Evaluating Dogs and Zoomorphic Robots as Potential Adjuncts for Therapeutic Interactions with Children

Student thesis: Doctoral Thesis

Abstract

From an early age, humans can discriminate between living and non-living entities (Carey & Spelke, 1996), and seem to have an innate attraction to and derive benefits from interacting with living and lifelike processes (Biophilia hypothesis; Wilson, 1984). These mechanisms might underpin the reported beneficial outcomes for children of interacting with pet dogs and with therapy dogs in Animal Assisted Interventions (Beetz, 2017). It might also mean that children could benefit from interacting with zoomorphic social robots as an alternative to using living dogs in therapeutic encounters where it is not appropriate to use a dog. To assess the feasibility of using dogs and zoomorphic social robots in interactions with children and to explore the underlying mechanisms by which they may have any effects, we conducted four studies in which we explored participant perceptions of dogs and robots with a specific focus on exploring the role of animism and biophilia. In the online survey Study 1, we found that the public anticipated a number of benefits of using therapy dogs for children, such as inducement of positive mood and reduction of negative emotional states, and they proposed reasons why these benefits might occur. Survey respondents also thought that zoomorphic social robots could potentially be used in the place of therapy dogs, although they mentioned a number of concerns about their use compared to a living dog. Comparisons of behavioural interactions and evaluations made by children interacting with dogs and a zoomorphic social robot were explored in Studies 2 and 3, in which children engaged in a free play interaction with the entities. In both these studies, participants preferred the living dog and behaved differently towards the dog and robots, but reported high enjoyment and positive emotions associated with interactions with the robot. Together, these two experimental studies indicated that the children did not view the dog and robots as having the same living status, and that the “aliveness” or animism of the dog was an important factor towards their preference of this entity. In Study 4, further exploration of the importance of animacy towards participant evaluations indicated that the more children aged 5-11 years old attributed animistic properties to an entity, the more they wanted to affiliate with them. Overall, this thesis extended the current understanding of children’s attribution of animism towards dogs and zoomorphic social robots, and demonstrated the importance of animism attributions on children’s evaluations of these entities that potentially could be used advantageously in therapeutic interventions.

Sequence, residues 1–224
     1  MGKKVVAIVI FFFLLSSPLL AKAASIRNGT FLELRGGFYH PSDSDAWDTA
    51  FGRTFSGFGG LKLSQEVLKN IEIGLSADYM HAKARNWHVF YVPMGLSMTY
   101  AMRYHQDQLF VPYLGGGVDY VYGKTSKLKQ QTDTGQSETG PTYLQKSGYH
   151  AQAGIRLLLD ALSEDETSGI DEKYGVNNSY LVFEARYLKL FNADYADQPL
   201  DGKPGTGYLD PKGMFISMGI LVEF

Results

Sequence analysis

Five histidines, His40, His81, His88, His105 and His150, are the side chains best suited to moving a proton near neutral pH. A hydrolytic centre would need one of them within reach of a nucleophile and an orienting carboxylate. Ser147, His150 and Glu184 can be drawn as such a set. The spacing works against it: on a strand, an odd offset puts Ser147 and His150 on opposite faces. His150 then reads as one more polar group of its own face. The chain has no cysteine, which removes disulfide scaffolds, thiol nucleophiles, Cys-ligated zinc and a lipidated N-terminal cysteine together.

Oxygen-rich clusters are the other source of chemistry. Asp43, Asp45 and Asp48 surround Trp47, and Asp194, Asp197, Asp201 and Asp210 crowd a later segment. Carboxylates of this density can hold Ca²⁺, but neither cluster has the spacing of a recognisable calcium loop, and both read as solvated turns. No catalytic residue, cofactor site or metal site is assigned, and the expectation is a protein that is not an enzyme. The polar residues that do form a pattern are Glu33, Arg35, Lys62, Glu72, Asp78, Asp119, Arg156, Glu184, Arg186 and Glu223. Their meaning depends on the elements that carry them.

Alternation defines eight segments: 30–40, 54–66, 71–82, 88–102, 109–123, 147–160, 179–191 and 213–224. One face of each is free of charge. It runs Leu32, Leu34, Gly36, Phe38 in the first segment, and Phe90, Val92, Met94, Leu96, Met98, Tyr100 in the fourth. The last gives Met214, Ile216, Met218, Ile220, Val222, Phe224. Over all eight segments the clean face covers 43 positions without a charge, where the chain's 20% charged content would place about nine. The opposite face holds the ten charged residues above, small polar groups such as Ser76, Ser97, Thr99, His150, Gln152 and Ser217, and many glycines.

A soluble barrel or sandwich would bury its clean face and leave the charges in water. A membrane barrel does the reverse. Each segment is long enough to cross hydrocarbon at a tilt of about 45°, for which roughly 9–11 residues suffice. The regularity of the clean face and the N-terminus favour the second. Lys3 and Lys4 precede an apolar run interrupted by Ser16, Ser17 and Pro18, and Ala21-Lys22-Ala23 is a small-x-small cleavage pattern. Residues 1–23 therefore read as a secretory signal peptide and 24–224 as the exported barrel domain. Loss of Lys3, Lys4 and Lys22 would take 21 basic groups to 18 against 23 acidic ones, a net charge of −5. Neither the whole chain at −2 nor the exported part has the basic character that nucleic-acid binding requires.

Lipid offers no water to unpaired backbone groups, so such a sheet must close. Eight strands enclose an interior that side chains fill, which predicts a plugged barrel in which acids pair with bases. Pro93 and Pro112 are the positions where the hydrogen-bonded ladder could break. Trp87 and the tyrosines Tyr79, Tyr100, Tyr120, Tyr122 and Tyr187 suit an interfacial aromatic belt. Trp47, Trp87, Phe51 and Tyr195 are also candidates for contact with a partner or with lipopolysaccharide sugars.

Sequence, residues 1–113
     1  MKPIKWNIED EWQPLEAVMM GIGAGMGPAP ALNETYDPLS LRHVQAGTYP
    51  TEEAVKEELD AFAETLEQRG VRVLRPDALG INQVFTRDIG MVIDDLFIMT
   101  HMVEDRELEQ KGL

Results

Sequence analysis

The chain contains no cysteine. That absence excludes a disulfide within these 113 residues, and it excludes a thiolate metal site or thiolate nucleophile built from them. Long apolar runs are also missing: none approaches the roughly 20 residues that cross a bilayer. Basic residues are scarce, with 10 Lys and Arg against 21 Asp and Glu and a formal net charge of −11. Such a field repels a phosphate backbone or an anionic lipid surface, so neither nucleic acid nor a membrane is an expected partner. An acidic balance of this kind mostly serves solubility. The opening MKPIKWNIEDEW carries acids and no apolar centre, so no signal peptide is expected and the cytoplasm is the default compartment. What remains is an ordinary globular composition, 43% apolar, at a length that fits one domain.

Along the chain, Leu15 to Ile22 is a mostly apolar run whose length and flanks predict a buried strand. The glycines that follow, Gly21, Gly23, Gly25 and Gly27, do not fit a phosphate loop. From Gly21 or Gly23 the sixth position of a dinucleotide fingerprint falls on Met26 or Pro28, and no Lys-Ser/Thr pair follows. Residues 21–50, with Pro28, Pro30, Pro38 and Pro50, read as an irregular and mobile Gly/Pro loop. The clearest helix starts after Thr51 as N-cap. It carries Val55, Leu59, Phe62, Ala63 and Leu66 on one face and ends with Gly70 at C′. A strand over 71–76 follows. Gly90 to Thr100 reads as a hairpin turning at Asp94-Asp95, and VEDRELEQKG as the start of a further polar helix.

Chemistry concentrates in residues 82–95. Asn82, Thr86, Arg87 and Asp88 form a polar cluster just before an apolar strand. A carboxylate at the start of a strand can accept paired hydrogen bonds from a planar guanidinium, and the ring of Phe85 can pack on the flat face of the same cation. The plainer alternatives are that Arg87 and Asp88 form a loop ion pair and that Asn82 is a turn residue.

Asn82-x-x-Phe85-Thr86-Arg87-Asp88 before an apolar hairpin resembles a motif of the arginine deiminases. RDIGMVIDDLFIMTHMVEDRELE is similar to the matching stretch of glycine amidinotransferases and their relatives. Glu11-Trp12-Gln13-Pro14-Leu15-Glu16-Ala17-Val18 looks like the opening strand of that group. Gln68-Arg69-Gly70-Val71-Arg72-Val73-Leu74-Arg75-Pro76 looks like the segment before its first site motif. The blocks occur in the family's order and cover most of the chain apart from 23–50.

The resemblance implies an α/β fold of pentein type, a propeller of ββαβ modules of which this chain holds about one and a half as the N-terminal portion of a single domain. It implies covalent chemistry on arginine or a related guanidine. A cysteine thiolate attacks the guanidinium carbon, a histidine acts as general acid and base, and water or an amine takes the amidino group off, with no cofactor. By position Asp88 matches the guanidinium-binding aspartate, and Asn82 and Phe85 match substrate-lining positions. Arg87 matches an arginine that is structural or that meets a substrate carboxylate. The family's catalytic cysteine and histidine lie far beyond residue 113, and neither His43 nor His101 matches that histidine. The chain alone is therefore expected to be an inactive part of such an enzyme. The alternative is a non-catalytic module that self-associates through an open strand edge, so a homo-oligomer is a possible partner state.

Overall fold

Date of Award20 Feb 2024
Original languageEnglish
Awarding Institution
  • University of Portsmouth
SupervisorLeanne Proops (Supervisor), Eszter Somogyi (Supervisor) & Anne E. McBride (Supervisor)

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